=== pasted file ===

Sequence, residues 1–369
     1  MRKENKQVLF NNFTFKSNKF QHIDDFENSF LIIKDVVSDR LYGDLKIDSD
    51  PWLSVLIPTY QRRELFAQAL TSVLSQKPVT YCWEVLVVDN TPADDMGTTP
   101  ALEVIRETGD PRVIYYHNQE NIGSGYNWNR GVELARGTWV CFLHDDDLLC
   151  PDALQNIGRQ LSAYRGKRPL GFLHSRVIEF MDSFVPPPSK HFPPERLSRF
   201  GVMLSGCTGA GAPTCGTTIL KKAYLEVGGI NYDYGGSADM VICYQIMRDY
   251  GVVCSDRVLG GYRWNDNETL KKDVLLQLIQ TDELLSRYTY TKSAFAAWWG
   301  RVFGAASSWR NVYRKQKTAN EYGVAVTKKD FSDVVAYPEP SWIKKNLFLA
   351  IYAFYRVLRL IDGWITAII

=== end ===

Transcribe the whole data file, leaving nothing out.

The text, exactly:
Sequence, residues 1–369
     1  MRKENKQVLF NNFTFKSNKF QHIDDFENSF LIIKDVVSDR LYGDLKIDSD
    51  PWLSVLIPTY QRRELFAQAL TSVLSQKPVT YCWEVLVVDN TPADDMGTTP
   101  ALEVIRETGD PRVIYYHNQE NIGSGYNWNR GVELARGTWV CFLHDDDLLC
   151  PDALQNIGRQ LSAYRGKRPL GFLHSRVIEF MDSFVPPPSK HFPPERLSRF
   201  GVMLSGCTGA GAPTCGTTIL KKAYLEVGGI NYDYGGSADM VICYQIMRDY
   251  GVVCSDRVLG GYRWNDNETL KKDVLLQLIQ TDELLSRYTY TKSAFAAWWG
   301  RVFGAASSWR NVYRKQKTAN EYGVAVTKKD FSDVVAYPEP SWIKKNLFLA
   351  IYAFYRVLRL IDGWITAII